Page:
Principles of galvanic corrosion

The use and combination of various metals in water and sewage installations can result in galvanic corrosion and very high corrosion rates. In this article, the authors present the general principles of galvanic corrosion with some case studies and solutions.

The standard approach to corrosion prevention is to use coatings and corrosion-resistant materials. These measures are usually satisfactory for the actual structure. It may, however, have an unfavorable effect on neighboring structures.

At present, a wide variety of materials is available for water and wastewater installations. However, combinations of these might, under certain conditions, lead to severely accelerated galvanic corrosion and cause damage within a short time. These effects are highly relevant for new buildings – and extensions or renovations to existing water installations in particular.

While the principal issues of galvanic corrosion are well understood, appropriate preventative measures are seldom adequately applied. In addition, the specific conditions and type of installation typically exercise a considerable influence on the corrosion rate.

The principle of corrosion

Corrosion is usually an electrochemical interaction between a metal and its environment, where the properties of the metal change and thus also its functionality, environment, or technical system.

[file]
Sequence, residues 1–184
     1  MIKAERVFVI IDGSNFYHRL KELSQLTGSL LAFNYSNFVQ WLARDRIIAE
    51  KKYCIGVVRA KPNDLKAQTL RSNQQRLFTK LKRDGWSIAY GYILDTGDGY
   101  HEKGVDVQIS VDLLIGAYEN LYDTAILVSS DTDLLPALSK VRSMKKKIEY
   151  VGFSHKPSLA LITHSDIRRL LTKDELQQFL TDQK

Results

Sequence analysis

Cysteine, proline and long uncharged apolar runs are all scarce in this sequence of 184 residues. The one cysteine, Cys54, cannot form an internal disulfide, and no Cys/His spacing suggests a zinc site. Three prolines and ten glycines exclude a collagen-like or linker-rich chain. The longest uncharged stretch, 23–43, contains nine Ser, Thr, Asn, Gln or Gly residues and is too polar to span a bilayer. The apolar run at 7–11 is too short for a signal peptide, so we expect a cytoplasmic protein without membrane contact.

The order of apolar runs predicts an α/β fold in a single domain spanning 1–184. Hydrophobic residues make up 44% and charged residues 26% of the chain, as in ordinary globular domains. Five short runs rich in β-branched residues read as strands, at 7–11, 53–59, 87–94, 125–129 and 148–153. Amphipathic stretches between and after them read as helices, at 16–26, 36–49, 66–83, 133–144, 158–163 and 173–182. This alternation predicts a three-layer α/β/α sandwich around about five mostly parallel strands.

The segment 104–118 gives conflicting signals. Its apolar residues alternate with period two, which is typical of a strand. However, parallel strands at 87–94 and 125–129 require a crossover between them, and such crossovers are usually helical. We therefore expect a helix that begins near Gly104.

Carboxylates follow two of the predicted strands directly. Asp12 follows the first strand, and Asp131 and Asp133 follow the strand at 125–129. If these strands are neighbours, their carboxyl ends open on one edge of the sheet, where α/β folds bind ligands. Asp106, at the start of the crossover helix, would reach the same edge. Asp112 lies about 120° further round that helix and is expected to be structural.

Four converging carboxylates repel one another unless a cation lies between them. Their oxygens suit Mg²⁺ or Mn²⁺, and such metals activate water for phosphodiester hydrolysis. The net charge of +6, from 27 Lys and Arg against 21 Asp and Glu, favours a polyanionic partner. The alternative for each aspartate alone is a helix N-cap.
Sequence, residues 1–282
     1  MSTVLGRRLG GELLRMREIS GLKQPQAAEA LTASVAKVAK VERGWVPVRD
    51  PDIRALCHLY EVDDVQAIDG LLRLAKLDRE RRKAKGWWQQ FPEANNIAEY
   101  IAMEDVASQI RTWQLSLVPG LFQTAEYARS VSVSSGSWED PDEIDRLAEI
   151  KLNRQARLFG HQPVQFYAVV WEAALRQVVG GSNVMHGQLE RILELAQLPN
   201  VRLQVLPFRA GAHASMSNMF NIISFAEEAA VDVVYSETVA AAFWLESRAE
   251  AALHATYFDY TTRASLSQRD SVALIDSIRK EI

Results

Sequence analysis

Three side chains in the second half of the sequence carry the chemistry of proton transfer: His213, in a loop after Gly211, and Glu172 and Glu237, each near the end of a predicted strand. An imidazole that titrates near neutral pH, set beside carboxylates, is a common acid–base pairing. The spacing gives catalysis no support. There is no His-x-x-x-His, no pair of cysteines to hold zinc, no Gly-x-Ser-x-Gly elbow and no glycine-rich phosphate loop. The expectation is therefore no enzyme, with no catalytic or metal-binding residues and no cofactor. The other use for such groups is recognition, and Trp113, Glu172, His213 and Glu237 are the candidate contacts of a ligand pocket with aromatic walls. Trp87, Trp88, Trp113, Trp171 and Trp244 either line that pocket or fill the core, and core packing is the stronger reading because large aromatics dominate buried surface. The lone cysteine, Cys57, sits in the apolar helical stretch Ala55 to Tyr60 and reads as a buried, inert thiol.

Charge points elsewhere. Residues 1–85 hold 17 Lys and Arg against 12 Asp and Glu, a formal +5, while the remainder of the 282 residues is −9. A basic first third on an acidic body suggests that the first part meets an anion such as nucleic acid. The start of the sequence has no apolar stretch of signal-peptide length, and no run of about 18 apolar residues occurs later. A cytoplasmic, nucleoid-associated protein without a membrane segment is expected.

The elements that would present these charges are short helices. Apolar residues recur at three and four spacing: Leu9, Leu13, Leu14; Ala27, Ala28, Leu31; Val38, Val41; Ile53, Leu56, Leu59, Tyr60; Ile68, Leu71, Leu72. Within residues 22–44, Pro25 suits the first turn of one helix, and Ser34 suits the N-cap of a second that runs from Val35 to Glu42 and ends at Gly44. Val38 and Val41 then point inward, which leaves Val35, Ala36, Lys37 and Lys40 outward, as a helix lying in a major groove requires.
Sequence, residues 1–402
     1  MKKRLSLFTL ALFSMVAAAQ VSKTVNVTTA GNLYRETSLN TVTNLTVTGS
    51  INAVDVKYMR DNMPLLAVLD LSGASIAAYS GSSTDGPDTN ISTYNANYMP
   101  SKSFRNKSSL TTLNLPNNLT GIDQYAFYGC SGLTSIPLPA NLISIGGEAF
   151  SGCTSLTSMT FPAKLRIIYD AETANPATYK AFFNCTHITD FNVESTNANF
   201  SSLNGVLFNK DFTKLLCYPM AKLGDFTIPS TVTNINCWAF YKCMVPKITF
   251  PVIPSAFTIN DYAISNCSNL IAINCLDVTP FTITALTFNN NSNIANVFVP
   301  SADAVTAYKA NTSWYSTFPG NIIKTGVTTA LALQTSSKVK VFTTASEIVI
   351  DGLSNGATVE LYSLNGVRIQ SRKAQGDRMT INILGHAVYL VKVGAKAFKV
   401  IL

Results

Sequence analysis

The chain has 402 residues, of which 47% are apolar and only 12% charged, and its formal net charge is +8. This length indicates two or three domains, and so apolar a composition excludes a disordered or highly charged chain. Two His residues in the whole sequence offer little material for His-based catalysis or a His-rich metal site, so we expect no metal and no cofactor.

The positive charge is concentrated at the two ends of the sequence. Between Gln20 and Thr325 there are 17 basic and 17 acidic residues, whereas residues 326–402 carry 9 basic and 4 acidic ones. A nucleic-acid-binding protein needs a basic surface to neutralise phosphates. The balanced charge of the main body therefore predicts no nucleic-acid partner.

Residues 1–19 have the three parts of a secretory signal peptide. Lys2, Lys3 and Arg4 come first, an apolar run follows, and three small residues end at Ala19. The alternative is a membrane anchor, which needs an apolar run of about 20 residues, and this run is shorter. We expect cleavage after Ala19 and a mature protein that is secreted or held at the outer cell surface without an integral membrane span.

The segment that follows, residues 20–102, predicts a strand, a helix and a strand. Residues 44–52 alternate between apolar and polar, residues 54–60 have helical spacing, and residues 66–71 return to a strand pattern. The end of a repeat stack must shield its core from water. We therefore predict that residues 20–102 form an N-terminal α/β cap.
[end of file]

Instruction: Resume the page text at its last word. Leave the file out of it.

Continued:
Electrochemical corrosion is mainly an anodic oxidation reaction, where the metal atom is dissolved as a positively charged ion while releasing electrons according to equation (1) and the cathodic oxygen reduction in equation (2):

  • Fe → Fe2+ + 2e-
  • O2 + 2 H2O + 4 e– → 4 OH-

To satisfy the condition of electroneutrality, the number of electrons used for each reaction at any time must be equal. This relation is schematically depicted in Figure 1, where the size of the arrows represents the rate of the corresponding reaction. The anodic process is shown as red arrows, while blue arrows indicate the cathodic process.
On certain metals, the formation of a protective layer of oxides can lead to passivity. In this case, the anodic corrosion process is decreased to a negligibly low level. An example of a passive metal in water systems is stainless steel.

Figure 1: Electrochemical reactions occurring on the metal surface under different conditions

An electrochemical potential is established at the metal’s interface with an electrolyte (e.g., water). This ‘corrosion potential’ depends on the material, the concentrations of dissolved oxygen and the metal ions in the electrolyte, as well as the formation of passive and other protective layers. Table 1 below gives a few examples of the corrosion potentials of different metals in water.

Metal  Corrosion potential [VCSE]
Copper -0.10
Stainless steel -0.10
Red-bronze and Si-bronze -0.20
Brass -0.35
Iron in aerated water -0.55
Iron in stagnant water  -0.75
Galvanized steel -1.0

Table 1: Examples of corrosion potentials of different metals in water

Where there is an electrically conductive connection between two metals with different corrosion potentials, a galvanic cell is established. The reduction of oxygen occurs on both metal surfaces, while the oxidation reaction takes place primarily on the metal exhibiting the most negative potential, resulting in the accelerated dissolution of the metal. The geometric effect plays an important role since a small anode in contact with a large cathode can lead to corrosion rates up to 2mm/year in typical water applications.

Examples of unfavorable material combinations are shown in Figure 2 below.

Figure 2a) Combination of stainless steel and galvanized steel with an internal coating.